“Few will have the greatness to bend history itself, but each of us can work to change a small portion of events. It is from numberless diverse acts of courage and belief that human history is shaped. Each time a man stands up for an ideal, or acts to improve the lot of others, or strikes out against injustice, he sends forth a tiny ripple of hope, and crossing each other from a million different centers of energy and daring those ripples build a current which can sweep down the mightiest walls of oppression and resistance.”
― Robert F. Kennedy
In 2013, the Minnesota Council of Churches and the Islamic Center of Minnesota began a dialogue series called "Prophets, Patriarchs, & People of Promise!"
Over several dialogues we brought in speakers who helped us to explore and share with each other their faith tradition and perspectives on Abraham, the Angels, Adam and Eve, Jesus, Moses, David, and Prophet Muhammad, upon them peace and blessings. For Muslims, all prophets are spiritual brothers, with Prophet Muhammad being the last and final messenger of God in this long chain of prophets. The discussions were quite interesting and the series helped to throw a pebble, creating a tiny ripple of understanding between the faith traditions.
This Sunday, we are moving past this series to a new dialogue: Faithful Response: What does our faith say about how we respond to issues of power and oppression?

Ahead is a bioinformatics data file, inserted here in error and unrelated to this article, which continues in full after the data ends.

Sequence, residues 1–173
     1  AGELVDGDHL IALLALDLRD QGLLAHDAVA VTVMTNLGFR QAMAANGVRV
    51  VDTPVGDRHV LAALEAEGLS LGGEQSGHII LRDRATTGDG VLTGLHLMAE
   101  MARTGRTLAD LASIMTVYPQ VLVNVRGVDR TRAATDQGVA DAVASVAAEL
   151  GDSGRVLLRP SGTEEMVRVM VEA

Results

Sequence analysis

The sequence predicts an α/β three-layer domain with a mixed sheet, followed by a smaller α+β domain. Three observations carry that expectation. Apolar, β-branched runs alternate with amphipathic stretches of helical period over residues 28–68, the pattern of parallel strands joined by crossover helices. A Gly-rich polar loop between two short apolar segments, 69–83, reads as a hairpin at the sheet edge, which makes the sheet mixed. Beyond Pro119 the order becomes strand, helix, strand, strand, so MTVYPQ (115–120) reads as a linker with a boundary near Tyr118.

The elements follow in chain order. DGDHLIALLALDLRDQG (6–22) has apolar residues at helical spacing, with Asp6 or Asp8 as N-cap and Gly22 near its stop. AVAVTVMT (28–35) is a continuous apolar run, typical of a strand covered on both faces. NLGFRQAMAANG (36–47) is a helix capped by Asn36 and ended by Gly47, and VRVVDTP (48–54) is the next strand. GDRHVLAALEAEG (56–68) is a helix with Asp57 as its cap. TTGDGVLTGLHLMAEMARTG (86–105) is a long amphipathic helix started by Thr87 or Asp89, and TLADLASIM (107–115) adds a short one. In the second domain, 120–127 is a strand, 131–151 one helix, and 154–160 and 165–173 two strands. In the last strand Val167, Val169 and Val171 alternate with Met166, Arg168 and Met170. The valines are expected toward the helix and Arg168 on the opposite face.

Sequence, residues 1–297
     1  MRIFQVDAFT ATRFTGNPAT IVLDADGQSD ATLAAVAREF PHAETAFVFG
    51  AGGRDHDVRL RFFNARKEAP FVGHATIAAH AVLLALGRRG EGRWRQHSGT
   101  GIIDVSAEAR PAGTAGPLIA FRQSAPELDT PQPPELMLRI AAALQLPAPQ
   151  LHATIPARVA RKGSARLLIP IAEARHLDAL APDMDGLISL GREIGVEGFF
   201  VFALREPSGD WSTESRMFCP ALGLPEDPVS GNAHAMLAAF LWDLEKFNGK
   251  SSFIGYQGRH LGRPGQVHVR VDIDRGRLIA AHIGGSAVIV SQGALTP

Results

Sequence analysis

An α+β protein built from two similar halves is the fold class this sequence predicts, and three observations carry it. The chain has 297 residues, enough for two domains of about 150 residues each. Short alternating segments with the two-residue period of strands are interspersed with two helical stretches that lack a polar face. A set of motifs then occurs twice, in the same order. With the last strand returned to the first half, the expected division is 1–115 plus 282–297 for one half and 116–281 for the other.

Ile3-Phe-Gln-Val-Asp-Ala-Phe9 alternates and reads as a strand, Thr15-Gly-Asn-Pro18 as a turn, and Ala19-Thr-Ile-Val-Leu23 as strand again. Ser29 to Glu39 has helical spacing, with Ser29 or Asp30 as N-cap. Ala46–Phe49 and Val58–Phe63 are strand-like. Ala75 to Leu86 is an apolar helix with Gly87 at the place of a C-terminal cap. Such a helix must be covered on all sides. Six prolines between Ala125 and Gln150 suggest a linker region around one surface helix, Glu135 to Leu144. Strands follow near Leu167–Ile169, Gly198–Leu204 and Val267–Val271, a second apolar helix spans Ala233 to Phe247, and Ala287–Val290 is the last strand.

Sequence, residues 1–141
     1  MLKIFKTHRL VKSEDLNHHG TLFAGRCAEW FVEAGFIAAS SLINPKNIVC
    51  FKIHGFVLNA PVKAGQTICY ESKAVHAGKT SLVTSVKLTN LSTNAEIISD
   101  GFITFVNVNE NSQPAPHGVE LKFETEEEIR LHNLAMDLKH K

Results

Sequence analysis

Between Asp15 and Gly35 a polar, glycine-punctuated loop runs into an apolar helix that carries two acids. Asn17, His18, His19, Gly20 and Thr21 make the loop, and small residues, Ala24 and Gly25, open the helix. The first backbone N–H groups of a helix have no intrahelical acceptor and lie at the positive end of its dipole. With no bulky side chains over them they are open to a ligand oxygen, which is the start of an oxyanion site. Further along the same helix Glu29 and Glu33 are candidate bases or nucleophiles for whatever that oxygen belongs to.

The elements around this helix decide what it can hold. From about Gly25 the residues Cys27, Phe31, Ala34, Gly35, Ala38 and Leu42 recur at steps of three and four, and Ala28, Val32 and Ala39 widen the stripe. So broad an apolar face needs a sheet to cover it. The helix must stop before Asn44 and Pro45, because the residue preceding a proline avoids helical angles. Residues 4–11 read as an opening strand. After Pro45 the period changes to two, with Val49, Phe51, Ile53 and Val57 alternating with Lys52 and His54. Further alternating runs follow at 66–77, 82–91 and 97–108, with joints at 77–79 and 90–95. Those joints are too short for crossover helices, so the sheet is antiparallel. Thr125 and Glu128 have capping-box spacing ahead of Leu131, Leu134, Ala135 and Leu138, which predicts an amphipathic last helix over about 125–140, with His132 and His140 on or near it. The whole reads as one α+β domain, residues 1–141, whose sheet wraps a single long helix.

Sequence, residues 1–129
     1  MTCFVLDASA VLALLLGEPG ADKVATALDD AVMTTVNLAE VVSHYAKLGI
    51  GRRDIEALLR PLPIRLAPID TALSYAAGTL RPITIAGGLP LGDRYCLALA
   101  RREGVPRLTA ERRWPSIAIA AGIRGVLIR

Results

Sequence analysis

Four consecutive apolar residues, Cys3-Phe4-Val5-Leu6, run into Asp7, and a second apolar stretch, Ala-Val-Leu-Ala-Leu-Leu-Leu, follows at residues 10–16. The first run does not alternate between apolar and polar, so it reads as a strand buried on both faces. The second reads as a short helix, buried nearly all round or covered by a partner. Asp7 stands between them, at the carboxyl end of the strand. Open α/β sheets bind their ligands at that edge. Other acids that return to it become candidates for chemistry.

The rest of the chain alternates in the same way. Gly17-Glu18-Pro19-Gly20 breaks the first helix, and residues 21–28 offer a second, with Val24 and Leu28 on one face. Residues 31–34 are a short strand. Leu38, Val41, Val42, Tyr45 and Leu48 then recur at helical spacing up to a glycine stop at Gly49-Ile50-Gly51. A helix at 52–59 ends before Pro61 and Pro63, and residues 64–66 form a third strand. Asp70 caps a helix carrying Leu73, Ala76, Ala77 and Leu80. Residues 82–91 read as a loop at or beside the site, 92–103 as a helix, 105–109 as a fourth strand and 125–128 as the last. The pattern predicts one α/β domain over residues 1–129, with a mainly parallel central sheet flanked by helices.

I will share my perspective with another speaker, Dr. Cameron B. R. Howard, assistant professor of Old Testament at Luther Seminary in St. Paul, Minnesota.
Dr. Howard received her Ph.D. in Religion from Emory University in 2010. Among her publications are contributions to the New Interpreter's Bible One-Volume Commentary (Abingdon Press, 2010) and the twentieth-anniversary edition of the Women's Bible Commentary (Westminster John Knox Press, 2012). Her current research focuses on postcolonial approaches to the Hebrew Bible. Howard is also a frequent contributor to WorkingPreacher.org and co-hosts a monthly podcast at EntertheBible.org.
And not all forces or voices who are weak are necessarily oppressed. I discussed this briefly in the blog on Salman al Farisi here. I will elaborate more on this issue in a coming blog.
In addition, it is true that many times, religion has been used to create problems in society, to control and oppress others.
However, there are cases in history and now, where power is not a force of good, but is abusive and people of influence - attach themselves to those in power for glory and fail to be sincere advisers. In such situations, as people of faith who believe in God, we ask ourselves:
Do you see power shaping your community?
What is our responsibility in such situations?
What do we see in the Muslim and Christian traditions that address issues of power?
What does our faith say about how we respond to issues of power and oppression?
Please add your voice to our conversation!
Join us to listen and then dialogue within small groups to go deeper and learn from each other as well.
Sunday, March 16
2:00 - 4:00 p.m.
Islamic Center of Minnesota
1401 Gardena Ave. NE
Fridley, MN 55432
Participants in the Muslim Christian Dialogue are invited to park on the street, in the parking lot of the Islamic Center of Minnesota or in the parking lot of Totino Grace High School directly across the street.